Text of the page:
Are cost advantages from a modern Indian hospital transferable to the United States?
Michael J. Mack M.D.
Erhun, F., R. S. Kaplan, V. G. Narayanan, K. Brayton, M. Kalani, M. C. Mazza, C. Nguyen, T. Platchek, B. Mistry, R. Mann, D. Kazi, C. Pinnock, K. A. Schulman, J. Xue, D. Ballard, M. Mack, B. James, G. Poulsen, J. Punnen, D. Shetty and A. Milstein (2020). “Are cost advantages from a modern Indian hospital transferable to the United States?” Am Heart J 224: 148-155.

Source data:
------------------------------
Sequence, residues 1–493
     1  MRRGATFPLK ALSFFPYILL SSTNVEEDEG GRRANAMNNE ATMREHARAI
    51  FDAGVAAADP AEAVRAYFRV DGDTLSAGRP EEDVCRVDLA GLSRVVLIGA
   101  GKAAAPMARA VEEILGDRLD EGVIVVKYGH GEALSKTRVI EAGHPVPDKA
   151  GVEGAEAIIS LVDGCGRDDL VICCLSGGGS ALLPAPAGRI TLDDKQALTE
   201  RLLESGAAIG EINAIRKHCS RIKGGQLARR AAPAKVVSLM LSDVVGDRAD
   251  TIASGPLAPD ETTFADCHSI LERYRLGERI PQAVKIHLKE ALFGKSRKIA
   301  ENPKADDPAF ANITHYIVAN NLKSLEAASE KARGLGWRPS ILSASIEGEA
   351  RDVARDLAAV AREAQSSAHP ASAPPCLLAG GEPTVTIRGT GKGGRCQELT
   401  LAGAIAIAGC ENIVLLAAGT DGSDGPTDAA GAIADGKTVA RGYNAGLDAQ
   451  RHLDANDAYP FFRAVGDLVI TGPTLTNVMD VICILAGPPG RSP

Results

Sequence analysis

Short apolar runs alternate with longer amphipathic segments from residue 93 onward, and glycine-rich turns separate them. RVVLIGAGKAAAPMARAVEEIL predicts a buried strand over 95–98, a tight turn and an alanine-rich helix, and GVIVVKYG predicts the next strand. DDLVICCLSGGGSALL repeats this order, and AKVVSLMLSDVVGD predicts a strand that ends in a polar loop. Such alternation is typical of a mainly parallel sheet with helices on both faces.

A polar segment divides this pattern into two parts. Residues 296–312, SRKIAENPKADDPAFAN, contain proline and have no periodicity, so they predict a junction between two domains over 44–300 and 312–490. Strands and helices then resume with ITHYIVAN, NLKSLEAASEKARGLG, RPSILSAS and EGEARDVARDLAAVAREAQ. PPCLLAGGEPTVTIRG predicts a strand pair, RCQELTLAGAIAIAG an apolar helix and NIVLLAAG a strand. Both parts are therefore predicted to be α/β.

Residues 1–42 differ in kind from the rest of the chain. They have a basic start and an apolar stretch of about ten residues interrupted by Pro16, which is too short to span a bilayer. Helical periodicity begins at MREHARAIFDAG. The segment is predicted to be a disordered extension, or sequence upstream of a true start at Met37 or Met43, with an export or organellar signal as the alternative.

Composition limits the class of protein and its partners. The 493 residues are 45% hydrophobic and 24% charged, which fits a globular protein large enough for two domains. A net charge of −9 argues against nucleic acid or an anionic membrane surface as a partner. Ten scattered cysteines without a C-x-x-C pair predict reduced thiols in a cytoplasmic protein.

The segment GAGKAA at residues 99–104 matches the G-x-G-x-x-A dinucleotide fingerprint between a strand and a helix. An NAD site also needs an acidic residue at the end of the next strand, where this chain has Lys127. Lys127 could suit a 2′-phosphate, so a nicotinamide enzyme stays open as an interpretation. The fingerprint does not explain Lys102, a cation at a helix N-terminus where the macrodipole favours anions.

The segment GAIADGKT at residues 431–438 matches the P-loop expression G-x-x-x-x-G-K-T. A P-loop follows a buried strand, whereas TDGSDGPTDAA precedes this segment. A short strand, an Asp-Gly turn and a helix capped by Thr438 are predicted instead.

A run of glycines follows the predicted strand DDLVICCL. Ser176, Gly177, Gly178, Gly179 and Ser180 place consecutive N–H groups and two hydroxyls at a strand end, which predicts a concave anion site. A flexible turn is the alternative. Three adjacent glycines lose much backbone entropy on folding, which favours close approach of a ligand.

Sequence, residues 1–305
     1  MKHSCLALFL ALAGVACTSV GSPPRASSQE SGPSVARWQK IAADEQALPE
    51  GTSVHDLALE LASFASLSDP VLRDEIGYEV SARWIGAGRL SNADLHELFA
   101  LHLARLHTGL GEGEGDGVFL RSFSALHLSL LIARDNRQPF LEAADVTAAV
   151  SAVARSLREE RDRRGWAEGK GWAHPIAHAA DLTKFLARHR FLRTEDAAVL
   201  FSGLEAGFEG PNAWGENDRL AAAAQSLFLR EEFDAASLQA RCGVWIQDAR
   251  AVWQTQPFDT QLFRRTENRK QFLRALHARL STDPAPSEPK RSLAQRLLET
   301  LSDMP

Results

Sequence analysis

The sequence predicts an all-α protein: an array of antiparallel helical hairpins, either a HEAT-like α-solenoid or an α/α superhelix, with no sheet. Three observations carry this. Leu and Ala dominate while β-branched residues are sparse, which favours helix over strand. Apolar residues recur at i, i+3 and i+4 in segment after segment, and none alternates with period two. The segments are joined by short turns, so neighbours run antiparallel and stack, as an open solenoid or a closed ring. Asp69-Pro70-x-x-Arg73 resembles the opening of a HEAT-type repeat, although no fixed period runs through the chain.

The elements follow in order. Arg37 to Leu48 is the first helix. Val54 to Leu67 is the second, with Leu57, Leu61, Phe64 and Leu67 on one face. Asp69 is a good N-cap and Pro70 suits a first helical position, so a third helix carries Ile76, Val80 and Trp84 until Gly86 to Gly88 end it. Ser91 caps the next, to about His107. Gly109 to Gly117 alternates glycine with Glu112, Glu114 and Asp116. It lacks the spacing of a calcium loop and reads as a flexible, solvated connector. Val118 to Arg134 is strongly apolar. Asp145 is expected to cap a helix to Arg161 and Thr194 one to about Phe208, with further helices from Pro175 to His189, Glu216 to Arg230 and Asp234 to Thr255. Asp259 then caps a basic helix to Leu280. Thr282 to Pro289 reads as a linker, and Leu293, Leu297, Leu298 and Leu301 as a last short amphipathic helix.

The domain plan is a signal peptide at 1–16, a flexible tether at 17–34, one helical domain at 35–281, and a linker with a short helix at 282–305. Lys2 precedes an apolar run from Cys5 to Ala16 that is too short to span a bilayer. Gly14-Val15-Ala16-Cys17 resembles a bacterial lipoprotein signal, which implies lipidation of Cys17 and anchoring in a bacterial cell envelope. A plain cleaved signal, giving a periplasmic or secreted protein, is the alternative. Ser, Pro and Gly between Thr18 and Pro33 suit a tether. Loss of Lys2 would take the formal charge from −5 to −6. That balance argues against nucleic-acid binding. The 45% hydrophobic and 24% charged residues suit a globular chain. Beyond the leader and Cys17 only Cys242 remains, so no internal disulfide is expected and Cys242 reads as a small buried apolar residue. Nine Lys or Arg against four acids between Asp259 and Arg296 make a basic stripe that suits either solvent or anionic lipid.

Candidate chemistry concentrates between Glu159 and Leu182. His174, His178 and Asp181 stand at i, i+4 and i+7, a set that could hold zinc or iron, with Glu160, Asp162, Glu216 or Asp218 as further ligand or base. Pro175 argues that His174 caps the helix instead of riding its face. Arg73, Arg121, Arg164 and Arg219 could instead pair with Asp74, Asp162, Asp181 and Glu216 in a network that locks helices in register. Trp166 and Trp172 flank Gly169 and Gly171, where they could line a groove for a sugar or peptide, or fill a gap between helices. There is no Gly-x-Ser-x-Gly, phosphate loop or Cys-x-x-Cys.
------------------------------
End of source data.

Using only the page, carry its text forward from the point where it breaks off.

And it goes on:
BACKGROUND: Multiple modern Indian hospitals operate at very low cost while meeting US-equivalent quality accreditation standards. Though US hospitals face intensifying pressure to lower their cost, including proposals to extend Medicare payment rates to all admissions, the transferability of Indian hospitals’ cost advantages to US peers remains unclear. METHODS: Using time-driven activity-based costing methods, we estimate the average cost of personnel and space for an elective coronary artery bypass graft (CABG) surgery at two American hospitals and one Indian hospital (NH). All three hospitals are Joint Commission accredited and have reputations for use of modern performance management methods. Our case study applies several analytic steps to distinguish transferable from non-transferable sources of NH’s cost savings. RESULTS: After removing non-transferable sources of efficiency, NH’s residual cost advantage primarily rests on shifting tasks to less-credentialed and/or less-experienced personnel who are supervised by highly-skilled personnel when perceived risk of complications is low. NH’s high annual CABG volume facilitates such supervised work “downshifting.” The study is subject to limitations inherent in case studies, does not account for the younger age of NH’s patients, or capture savings attributable to NH’s negligible frequency of re-admission or post-acute care facility placement. CONCLUSIONS: Most transferable bases for a modern Indian hospital’s cost advantage would require more flexible American states’ hospital and health professional licensing regulations, greater family participation in inpatient care, and stronger support by hospital executives and clinicians for substantially lowering the cost of care via regionalization of complex surgeries and weekend use of costly operating rooms.